(Photo credit: Bristol Rovers FC)
When new kits are launched they are often accompanied by some trite marketing-speak about how the design was inspired by this or honours the spirit of that. The new Reading kit has a rather more serious story behind it. The muticoloured bands on the sleeves were created in 2018 by Professor Ed Hawkins of Reading University. Each stripe represents the average global temperature for one year relative to the average temperature over the entire period. Shades of blue represent cooler than average years while reds indicate hotter than average. The bands on this shirt track the entire 151-year history of the club and show graphically how temperatures have increased over the period.
(Photo credit: Reading Chronicle)
This season marks Burnley's 140th anniversary so naturally a rummage through the back catalogue is very much in order. The problem is that retro versions of the really significant shirts from their past have already been done and the very earliest strips are now so obscure that no-one would associate them with the club. (It was not until 1910 that claret and blue was adopted.) It's also desirable to pick a shirt associated with some sort of success so we arrive at a remake of the 1991-92 championship winning shirt. Of course that was the Fourth Division championship you understand. There are people who admire 90s football shirts: these people are deluded and must be shunned.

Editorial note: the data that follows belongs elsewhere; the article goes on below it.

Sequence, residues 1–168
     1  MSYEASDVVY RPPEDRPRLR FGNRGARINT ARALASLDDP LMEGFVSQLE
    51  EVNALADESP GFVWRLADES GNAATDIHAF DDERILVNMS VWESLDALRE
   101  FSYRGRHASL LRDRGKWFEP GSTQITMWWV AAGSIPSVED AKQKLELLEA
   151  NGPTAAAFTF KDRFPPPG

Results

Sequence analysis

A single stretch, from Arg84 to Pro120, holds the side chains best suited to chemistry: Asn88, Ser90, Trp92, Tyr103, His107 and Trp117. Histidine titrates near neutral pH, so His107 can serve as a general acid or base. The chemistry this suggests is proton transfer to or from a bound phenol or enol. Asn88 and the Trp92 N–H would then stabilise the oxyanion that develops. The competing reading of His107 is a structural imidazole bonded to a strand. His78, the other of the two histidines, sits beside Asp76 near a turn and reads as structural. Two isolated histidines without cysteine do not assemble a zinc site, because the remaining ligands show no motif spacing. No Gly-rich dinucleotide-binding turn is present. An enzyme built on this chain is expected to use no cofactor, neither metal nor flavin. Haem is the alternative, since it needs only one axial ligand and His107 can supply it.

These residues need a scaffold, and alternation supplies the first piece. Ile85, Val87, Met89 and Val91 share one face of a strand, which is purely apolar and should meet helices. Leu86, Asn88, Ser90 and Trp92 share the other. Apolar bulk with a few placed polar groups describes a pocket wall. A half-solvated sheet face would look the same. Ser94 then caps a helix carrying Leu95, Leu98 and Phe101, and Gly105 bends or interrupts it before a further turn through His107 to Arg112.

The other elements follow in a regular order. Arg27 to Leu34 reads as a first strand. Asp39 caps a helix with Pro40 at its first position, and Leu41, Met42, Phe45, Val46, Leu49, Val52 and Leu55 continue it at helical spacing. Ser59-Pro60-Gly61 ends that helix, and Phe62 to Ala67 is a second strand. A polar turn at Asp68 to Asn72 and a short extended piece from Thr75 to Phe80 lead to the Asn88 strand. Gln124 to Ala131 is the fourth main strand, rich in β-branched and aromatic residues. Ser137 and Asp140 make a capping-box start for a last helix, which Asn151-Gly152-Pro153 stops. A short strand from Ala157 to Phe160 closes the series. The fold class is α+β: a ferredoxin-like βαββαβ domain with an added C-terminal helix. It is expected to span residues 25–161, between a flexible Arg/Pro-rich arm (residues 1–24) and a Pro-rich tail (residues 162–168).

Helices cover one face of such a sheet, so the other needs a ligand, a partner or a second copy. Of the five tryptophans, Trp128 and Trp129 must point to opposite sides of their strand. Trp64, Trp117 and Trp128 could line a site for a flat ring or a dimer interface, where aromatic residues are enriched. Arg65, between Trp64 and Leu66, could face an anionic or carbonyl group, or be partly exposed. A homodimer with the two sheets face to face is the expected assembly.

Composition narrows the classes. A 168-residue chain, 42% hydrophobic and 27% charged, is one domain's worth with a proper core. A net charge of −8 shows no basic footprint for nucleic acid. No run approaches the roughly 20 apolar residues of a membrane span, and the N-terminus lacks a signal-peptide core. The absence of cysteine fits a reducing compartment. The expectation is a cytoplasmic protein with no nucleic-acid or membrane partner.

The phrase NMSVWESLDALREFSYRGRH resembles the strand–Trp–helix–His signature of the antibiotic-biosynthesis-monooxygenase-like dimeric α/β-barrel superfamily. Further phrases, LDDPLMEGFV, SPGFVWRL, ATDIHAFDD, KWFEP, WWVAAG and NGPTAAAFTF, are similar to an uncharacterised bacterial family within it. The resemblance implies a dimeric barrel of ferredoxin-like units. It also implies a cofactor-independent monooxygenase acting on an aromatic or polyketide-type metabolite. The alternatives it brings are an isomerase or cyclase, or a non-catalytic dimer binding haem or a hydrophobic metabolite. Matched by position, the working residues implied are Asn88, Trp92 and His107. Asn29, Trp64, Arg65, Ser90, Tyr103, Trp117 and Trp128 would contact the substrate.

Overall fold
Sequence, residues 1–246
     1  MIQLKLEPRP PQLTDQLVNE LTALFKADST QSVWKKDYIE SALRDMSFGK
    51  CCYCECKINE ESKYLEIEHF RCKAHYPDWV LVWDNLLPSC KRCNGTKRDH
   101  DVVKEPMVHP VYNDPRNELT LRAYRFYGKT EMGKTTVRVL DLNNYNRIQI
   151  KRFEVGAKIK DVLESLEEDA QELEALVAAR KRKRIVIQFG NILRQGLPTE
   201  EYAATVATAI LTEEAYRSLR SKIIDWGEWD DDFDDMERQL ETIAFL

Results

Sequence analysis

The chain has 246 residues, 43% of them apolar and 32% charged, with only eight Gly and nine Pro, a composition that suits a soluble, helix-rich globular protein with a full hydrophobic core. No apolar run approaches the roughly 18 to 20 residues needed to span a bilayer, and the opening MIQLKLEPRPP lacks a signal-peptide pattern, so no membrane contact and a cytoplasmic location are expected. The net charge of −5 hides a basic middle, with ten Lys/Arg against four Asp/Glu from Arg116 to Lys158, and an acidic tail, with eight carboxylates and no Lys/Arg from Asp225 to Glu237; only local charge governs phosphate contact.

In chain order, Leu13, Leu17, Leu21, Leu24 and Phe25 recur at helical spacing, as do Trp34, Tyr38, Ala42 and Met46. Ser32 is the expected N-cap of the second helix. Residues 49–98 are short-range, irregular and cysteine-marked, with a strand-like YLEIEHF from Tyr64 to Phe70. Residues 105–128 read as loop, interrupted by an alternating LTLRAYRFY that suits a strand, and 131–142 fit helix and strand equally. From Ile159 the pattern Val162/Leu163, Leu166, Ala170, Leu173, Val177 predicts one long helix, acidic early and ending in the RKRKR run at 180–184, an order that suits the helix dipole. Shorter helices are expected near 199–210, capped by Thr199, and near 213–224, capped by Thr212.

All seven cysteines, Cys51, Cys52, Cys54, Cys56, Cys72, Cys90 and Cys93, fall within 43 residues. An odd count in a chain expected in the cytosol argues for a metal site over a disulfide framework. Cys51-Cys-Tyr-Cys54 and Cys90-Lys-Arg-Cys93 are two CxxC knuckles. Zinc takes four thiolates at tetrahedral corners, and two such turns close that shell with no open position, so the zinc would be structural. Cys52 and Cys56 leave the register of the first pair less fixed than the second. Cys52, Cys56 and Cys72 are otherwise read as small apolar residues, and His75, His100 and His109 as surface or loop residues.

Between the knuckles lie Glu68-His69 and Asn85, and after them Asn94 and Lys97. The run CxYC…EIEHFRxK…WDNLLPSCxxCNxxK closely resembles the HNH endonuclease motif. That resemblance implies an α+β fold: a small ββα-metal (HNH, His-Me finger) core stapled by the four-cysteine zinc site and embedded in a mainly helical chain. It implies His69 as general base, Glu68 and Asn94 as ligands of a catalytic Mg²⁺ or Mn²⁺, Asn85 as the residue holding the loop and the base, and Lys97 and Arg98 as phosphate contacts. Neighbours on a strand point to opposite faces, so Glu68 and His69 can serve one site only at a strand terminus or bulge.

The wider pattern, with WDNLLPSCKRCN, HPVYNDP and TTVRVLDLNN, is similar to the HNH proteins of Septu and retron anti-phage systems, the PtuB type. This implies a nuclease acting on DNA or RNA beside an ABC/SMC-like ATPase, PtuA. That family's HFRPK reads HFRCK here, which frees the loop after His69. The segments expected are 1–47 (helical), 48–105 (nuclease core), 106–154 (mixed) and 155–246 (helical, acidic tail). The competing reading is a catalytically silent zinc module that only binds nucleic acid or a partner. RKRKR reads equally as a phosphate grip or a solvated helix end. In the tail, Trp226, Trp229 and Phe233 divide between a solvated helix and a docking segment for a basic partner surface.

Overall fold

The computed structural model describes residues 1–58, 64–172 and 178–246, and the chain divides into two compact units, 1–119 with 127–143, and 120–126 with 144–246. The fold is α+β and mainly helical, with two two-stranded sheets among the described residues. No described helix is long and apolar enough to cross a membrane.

(Photo credit: Football Shirt Culture)
When clubs want a kit that's rather more distinctive than those provided by the big three, the Italian company Errea is one of those they can turn to. Even modest clubs can afford to commission a bespoke kit such as this one for Hartlepool United. Much as I have admired Errea's designs over the years for their flair and individuality, it has to be said that sometimes they go over the top. The basic concept here is fine - broad stripes look good but offsetting them spoils the balance. The red accents jar a little and the mesh side panels don't match the rest of the shirt (they do look better on the pitch) but the final touch is embossed into the blue stripes. Harts no less.
(Photo credit: Hartlepool United FC/Errea)